How Duck Poop Changed the History of Modern Aviation Warfare

How Duck Poop Changed the History of Modern Aviation Warfare

I am not a military tech enthusiast, per se, nor am I much of an aviation fan beyond the occasional air show and a tendency to go, “Ohhh, that’s F-ing cool,” when I see a fighter or a stealth bomber flying by. However, I have to say that I have discovered a secret regarding the development of modern air combat techniques that I thought I would share with my regular readers, given my love of knowledge and how it makes me feel to share the wealth of my understanding about the world. So, that said, on to the tale.

So there I am, driving off to the very existence Emerson tried to warn me about, my sleepy eyes still sleepy and the morning sun just low enough to make my truck’s sun visor ineffective still, and the morning deejays spewing stupidity on the radio.

See what I mean?  This is pretty much what the first fifteen minutes of my drive looks like.
See what I mean? This is pretty much what the first fifteen minutes of my drive looks like.

I live in the country, so my drive takes me between yellowing fields, pasture land mainly, with lots of cattle, a few sheep, and more than the occasional vernal pool in which wade terns, great white egrets, and even a mallard duck or two, assuming the newly begun summer hasn’t shallowed the waters to the point their webbed feed drag the bottom when they swim.

Well, apparently that seems to have been the case for the ducks in question today, for, as I drove by one particular pool, I suddenly found myself face to face—face to posterior if truth be told—with a pair of mallards recently departed from an A.M. swim. So recently in fact that their takeoff had them ascending over the road and right in front of my 6,000 pound Chevy truck.

The sun was bright and low.

Ok, obviously I couldn't take THIS picture with my phone, so you are stuck with my artist's rendering of the event.
Ok, obviously I couldn't take THIS picture with my phone, so you are stuck with my artist's rendering of the event.

At first, I saw them appear out of the sun’s glare like a pair of Japanese zeros, silhouettes emerging from the light like shadows darting from blinding nothingness, but then, realizing the superiority of my modern machine, or perhaps not intending combat at all, they turned tail and attempted to escape.

Now, I am not one who finds amusement in the killing of my fellow creatures. I truly don’t. And while I used to hunt as a kid growing up on a ranch, now I no longer hunt at all. I’ve lost my taste for it completely. I haven’t lost my taste for the meat, mind you, only my taste for the killing—and this holds just as true whether I’m killing with a truck or killing with a gun. So, when said Mallards swooped into range of my windshield, I let off the gas, unwilling to lock up my brakes for safety reasons, but slowing down trying to give them space to accelerate and make good their ascent.

Unfortunately, my rate of speed was perhaps a few miles per hour faster than they expected, or maybe they were slowed by full bellies, a bit bloated from a fine breakfast of pond scum and water bugs (or whatever they eat), and so it was that, despite flapping for all they could, I was still gaining on them.

Yes, this is how it went down.
Yes, this is how it went down.

Of course all of this took place in the span of a second or two, but for me, and I’m certain for the pair of them, time seemed to slow down considerably, making all of us acutely aware of every micro-moment of this near debacle. And so it was that I watched them fly, one of them slightly behind the other in a little two-duck V, a one-legged formation I admit, flapping their little duck wings just as furiously as they could. Had I thought to, I’m sure I could have looked and seen their little duck sphincters working like fowl jet engines, puckering with fear and blowing for even a millimeter of additional altitude.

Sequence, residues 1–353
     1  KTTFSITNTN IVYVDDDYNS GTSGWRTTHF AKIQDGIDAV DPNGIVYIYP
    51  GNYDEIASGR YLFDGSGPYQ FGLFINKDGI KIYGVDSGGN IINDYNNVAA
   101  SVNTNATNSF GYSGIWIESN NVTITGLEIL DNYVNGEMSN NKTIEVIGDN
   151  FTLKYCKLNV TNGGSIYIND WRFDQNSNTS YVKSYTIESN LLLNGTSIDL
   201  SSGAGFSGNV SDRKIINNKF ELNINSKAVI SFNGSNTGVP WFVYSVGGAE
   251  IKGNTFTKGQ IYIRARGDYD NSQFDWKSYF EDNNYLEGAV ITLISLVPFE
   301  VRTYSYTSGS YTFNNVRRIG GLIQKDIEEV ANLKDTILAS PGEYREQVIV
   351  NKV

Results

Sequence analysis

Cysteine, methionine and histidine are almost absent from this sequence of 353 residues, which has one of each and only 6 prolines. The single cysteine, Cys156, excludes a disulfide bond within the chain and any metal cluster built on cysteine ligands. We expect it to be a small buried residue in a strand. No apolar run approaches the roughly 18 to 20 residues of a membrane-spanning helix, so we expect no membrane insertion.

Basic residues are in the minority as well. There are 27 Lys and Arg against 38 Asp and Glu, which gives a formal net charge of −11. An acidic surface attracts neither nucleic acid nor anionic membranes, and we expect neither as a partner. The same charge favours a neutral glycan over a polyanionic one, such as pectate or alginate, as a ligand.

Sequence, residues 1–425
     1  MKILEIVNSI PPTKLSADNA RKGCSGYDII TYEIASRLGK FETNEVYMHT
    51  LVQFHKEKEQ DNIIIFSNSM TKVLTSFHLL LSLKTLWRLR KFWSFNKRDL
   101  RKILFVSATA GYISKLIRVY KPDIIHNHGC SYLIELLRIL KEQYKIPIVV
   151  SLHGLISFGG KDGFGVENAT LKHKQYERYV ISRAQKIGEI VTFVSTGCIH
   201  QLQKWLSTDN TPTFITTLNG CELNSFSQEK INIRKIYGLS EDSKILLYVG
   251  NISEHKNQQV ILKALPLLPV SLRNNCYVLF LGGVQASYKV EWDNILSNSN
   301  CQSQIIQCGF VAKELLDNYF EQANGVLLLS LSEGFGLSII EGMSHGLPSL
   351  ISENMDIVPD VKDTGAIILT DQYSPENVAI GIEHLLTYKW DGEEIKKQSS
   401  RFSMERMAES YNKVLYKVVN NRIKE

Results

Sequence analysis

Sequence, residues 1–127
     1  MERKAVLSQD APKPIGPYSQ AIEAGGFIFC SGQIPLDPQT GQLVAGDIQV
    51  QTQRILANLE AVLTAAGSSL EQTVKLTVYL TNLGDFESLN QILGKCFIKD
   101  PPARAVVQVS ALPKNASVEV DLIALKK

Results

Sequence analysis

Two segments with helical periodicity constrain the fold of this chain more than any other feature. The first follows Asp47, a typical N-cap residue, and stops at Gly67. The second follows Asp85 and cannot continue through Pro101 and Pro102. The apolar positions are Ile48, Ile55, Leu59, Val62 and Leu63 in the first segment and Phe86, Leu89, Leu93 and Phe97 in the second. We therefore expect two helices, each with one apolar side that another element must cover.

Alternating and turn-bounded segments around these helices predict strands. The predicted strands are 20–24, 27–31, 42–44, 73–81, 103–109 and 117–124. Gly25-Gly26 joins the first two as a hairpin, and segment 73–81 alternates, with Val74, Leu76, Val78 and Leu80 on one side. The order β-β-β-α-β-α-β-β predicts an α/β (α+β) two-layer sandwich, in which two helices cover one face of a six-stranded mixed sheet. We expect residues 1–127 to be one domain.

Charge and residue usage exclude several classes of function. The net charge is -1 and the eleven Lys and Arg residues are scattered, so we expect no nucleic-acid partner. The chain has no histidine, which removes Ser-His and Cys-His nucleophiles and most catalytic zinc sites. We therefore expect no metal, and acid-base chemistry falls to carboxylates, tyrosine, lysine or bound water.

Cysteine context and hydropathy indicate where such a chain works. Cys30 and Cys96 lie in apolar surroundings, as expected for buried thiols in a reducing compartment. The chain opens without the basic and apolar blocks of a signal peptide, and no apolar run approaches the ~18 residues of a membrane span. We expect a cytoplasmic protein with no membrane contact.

But, alas, air was the last thing they were blowing, and it was from the rear of those retreating ducks that I discovered the source of a mainstay in modern aerial combat techniques.

Countermeasures

Countermeasures are very cool when used by jets and helicopters.
Countermeasures are very cool when used by jets and helicopters.

Who is not familiar with the concept of “countermeasures” in aerial combat between modern jets or helicopters? I doubt there is anyone that has not heard of them. The release of flairs or other heat mechanisms meant to draw off enemy fire, to pull away a missile that is literally hot on the pilot’s tail, is common knowledge. But who amongst you knew from whence that tactic came? The origin of the idea?

Well, there was I in my arguably tidy truck, hot on these ducks’ tails, and so it was they released their counter measures on me, intent, I’m certain, on throwing me off the chase

Not as cool used by ducks.
Not as cool used by ducks.
(sigh)
(sigh)

No respect for the fact I was slowing down was shown, no gratitude for the fact I had let go the accelerator out of genuine concern for their continued health and welfare. No, none of that at all. Just a great spray of goopy white countermeasures all over my windshield and hood. A smattering of gooey poop as if a paint can had sneezed all over my poor truck. My wipers only smeared the windshield worse, and, driving nearly directly into the sun, I was briefly and completely blind.

“Jesus!” I cried as the ducks began to pull away. They flew off, up into the light and disappeared even before my washer spray finished a shoddy job. Perhaps they were laughing together about the mess as they rose into the sky. Or perhaps laughing in that nervous way one gets when venting the energy of a near miss or a narrow get away. But they were safe. And alive.

Leaving me with the remnant disaster of all this duck shit on my hood—not to mention the little seed-like deposits on the windshield that the wipers and washer fluid just couldn’t rinse away. What the hell is that anyway? Do I even want to know? So here I did those ducks a favor by slowing down, spared their lives and afforded them a chance for another pond scum and water bug meal. And for my efforts? A chore when I get home.

But at least now I know where the Air Force got that countermeasures idea.

And so do you.

I suppose it needed to be washed anyway.